FEMA's Disaster Deductible
The Federal Emergency Management Agency (FEMA) has undertaken rulemaking to consider the establishment of a deductible for its Public Assistance Program. The proposed rule would establish a predetermined level of financial or other commitment (deductible) from state and local governments before FEMA provides public assistance authorized by a Presidential disaster declaration. Under the current cost-sharing formula, the federal share for public assistance is 75 percent, with state and local governments sharing the remaining 25 percent. The new rules would also permit states to “buy down” their deductible requirement through proactive measures, such as more stringent building codes, maintaining a disaster relief or insurance fund, or other measures that reduce the public's risk from disasters.
The proposed establishment of the deductible is in response to pressures from Congress to reduce federal spending on disaster assistance, and from the Obama administration to afford greater protection to people and property from the effects of storms, floods and climate change. The intent is to provide incentives to state and local governments to implement more meaningful and more effective hazard mitigation measures, and to more effectively manage taxpayer dollars.
Proponents argue that the proposed rule change will increase personal safety, reduce property damage, and decrease the cost of post-disaster federal aid for repairing and rebuilding public facilities and infrastructure following natural disasters. Opponents argue that it will be difficult for FEMA to place an accurate dollar value on a state or local government’s measures to mitigate future damage, and that states that do not have mandatory or strong building codes, or that have the greatest exposure, will bear greater costs since stricter codes would add to construction costs.
The proposed “buy down” provisions favor states like Florida that have strong building codes. After Hurricane Andrew devastated parts of south Florida in 1992, the state adopted a statewide building code that included more stringent structural requirements, particularly for construction in flood-prone and high-hazard coastal areas.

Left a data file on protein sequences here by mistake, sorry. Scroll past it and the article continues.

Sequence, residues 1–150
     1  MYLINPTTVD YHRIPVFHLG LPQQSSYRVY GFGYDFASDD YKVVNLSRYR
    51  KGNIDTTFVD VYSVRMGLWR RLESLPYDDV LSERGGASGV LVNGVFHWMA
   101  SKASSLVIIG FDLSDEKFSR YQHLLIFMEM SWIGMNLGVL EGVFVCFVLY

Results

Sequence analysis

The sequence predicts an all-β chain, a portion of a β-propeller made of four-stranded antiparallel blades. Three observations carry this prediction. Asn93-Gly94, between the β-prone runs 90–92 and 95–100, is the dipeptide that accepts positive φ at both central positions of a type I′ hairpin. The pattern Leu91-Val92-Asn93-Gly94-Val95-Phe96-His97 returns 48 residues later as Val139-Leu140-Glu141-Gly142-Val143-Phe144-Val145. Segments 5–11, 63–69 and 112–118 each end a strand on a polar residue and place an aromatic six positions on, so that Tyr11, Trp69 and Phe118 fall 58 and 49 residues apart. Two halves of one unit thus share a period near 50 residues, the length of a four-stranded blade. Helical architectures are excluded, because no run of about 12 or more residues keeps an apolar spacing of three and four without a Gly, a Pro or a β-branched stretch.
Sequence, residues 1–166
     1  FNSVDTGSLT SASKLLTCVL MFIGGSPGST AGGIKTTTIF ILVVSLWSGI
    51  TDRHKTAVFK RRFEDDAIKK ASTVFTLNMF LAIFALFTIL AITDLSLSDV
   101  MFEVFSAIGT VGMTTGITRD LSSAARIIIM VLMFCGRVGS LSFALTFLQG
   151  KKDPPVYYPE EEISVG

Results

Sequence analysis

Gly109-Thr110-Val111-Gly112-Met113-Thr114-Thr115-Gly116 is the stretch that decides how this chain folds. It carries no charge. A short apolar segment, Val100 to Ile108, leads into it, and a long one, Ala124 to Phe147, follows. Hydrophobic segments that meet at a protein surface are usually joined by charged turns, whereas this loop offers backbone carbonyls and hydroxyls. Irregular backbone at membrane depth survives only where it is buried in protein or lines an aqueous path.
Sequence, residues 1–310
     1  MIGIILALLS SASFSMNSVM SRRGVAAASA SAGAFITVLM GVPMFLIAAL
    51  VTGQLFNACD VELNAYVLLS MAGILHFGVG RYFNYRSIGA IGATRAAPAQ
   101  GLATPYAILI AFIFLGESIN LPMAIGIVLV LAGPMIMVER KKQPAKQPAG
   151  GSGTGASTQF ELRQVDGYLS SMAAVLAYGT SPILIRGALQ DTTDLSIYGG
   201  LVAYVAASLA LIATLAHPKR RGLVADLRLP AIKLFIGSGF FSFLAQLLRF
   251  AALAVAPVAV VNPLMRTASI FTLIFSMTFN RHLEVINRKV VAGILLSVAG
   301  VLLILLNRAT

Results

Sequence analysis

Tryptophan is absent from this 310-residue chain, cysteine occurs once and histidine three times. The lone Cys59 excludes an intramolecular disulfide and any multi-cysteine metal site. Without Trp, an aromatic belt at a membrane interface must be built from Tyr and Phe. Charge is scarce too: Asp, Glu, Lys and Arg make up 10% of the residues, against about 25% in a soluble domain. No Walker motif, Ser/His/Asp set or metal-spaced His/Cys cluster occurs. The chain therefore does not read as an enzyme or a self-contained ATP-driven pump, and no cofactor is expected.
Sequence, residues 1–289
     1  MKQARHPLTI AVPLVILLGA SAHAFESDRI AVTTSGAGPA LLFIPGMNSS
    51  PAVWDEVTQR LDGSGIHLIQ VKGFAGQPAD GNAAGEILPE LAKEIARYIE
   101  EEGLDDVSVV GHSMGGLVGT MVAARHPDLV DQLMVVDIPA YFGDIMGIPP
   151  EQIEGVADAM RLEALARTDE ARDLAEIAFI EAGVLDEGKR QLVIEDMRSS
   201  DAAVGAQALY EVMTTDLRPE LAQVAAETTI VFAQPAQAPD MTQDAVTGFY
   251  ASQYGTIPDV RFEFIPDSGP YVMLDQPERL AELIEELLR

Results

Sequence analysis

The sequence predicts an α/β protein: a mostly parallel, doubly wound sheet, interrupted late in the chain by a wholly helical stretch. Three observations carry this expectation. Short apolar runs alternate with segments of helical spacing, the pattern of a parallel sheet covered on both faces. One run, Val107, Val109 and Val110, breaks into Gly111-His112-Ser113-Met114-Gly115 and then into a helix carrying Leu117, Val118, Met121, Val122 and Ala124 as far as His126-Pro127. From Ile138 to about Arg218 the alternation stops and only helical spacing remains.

State officials have acted responsibly in making other changes to promote better building practices. Local governments are required to outline in their comprehensive plans principles for hazard mitigation, and to include provisions designed to protect human life and limit public expenditures in areas that are subject to destruction by natural disaster. The Florida Hurricane Catastrophe Fund (FHCF) was created to maintain insurance capacity in Florida by providing reimbursements to insurers for a portion of their catastrophic hurricane losses.
Although the proposed rule is potentially favorable to Florida, the devil is in the details. FEMA continues to work with state and local government associations to determine the proper scope of the deductible; how best to calculate the deductible; how to satisfy the deductible; and identify other implementation considerations and impacts.
Concerned taxpayers can submit comments and supporting materials via the federal e-rulemaking portal by following the instructions at www.regulations.gov.